Some people remove the guy lines every time they pack away a tent (a larks head knot is useful here), if you dont then make sure they are dry though. Over time they will get mucky and frayed. A reel of guy line is cheap enough and the long ones can be chopped up (throwing away the dirty /frayed bits) to make shorter ones. It helps to melt the ends to prevent unravelling but many better guy lines are made from a core and an outer that can seperate over time - sharp knife and a lighter sorts that out

The groundsheet gets to be the really mucky bit of the tent and many people like to have (or make) a 'footprint' for their tent. This is a sheet of plastic or tarpauline that is put down first when erecting the tent. It keeps the groundsheet clean and protects it, it can also reduce moisture entering the tent. If you need to clean a ground sheet the PVC ones come up fine with a wet cloth or maybe a white non-stick scourer (but no washing up liquid!). The woven polythene ones dont tent to clean as easily but the same approach usually works - much better to get a footprint if your tent has one of these. You can get groundsheet cleaner from Fenwicks, be interested to know if it is any good

While on site (depending on your tent) it can be important to be aware of the changing weather conditions and adjust your tent accordingly. If it is windy the fabric needs to be held gently without flapping rather than tightly and risking stress damage. If the fabric is getting wet from rain (or overnight when dew falls) then the Canvas will tend to shrink, again stressing the fixing points so remember to slacken things off a little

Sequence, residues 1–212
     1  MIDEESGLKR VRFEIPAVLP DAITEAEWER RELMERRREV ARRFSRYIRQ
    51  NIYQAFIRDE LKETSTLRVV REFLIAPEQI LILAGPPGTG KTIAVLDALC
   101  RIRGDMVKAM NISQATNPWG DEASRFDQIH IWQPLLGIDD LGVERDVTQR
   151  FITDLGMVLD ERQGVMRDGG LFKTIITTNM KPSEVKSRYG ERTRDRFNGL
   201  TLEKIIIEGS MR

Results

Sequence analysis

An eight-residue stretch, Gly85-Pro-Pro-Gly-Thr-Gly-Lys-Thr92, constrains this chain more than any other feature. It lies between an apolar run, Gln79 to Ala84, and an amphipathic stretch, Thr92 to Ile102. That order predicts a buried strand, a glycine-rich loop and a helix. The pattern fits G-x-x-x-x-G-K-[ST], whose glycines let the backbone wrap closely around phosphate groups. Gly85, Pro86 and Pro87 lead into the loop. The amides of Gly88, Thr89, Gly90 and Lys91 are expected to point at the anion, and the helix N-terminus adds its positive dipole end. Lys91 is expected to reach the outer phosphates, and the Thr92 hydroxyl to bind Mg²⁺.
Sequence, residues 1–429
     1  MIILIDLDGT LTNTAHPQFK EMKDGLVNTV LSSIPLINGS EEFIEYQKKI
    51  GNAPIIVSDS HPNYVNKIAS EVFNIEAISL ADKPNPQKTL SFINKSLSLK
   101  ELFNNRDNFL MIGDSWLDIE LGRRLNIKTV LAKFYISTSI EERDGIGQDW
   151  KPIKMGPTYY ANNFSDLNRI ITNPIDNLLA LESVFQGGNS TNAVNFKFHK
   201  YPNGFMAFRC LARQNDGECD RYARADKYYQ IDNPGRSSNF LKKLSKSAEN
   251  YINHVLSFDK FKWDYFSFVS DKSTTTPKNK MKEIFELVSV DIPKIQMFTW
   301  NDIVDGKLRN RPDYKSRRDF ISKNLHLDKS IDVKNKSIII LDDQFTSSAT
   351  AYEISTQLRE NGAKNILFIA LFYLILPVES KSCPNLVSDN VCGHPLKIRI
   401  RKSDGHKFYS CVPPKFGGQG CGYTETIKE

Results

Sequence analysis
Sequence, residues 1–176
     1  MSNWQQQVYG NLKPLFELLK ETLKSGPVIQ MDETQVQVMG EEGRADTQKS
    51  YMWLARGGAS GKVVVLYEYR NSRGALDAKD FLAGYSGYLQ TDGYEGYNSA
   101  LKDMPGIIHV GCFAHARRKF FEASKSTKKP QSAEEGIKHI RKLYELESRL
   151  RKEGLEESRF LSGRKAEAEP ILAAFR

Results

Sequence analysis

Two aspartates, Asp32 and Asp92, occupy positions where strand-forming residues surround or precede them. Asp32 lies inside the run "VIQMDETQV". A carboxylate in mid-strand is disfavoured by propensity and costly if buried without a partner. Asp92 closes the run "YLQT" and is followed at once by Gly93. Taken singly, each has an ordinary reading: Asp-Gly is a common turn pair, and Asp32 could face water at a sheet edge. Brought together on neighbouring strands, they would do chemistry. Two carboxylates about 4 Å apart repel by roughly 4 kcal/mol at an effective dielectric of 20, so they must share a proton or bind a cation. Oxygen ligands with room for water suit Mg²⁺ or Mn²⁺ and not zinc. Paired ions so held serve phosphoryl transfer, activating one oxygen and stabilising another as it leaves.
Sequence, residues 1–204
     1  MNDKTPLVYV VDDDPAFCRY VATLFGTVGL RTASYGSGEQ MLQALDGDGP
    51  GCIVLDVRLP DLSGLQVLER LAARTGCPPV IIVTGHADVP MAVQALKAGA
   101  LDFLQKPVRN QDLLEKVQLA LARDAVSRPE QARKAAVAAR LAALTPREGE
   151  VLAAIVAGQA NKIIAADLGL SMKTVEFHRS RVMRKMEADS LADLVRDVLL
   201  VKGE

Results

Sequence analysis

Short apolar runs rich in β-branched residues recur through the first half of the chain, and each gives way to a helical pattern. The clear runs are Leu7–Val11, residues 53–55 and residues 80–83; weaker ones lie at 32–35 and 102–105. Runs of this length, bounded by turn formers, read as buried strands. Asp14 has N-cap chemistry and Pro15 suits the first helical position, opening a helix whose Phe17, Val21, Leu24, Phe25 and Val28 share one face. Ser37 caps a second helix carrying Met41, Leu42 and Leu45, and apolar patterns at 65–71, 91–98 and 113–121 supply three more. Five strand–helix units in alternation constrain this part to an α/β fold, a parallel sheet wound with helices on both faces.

Learning the best way to fold and pack your tent will lengthen its life and reduce difficulties when erecting it on site. Mostly this is common sense, some is personal choice. Certainly dont walk on it while packing away and try to make sure zips and windows are being rolled rather than folded. Try to keep all the mud skirts together so the Canvas doest get mucky. Try to roll towards a door or mesh panel so air doesnt get trapped inside. Some people take their guys off when they pack away (larks head knot) other just make sure they arent going to cause harm. Most tents come with some form of bag, though the quality varies a lot (it still amazes that most Cabanons come in a cheap woven polythene bag but even bargain basement Hypercamps have a proper Canvas bag). If you want a new bag the best things to look for are Awning Bags that are reasonably priced, sometimes Canoe shops sell strong waterproof kit bags for similar money

Chemicals !? Dont use detergents anywhere near a tent (thats washing up liquid, bubble mixture etc). And beware of solvents like WD40 which will harm some plastics and fabrics. Cooking right next to the Canvas and splashing grease onto the material wont look very pretty and you will really struggle to get it off but is doesnt normally harm the waterproofing. Some people even think the chlorine in tap water is bad for Canvas and will only use water that has been stood (eg clean water butt water) or bottle water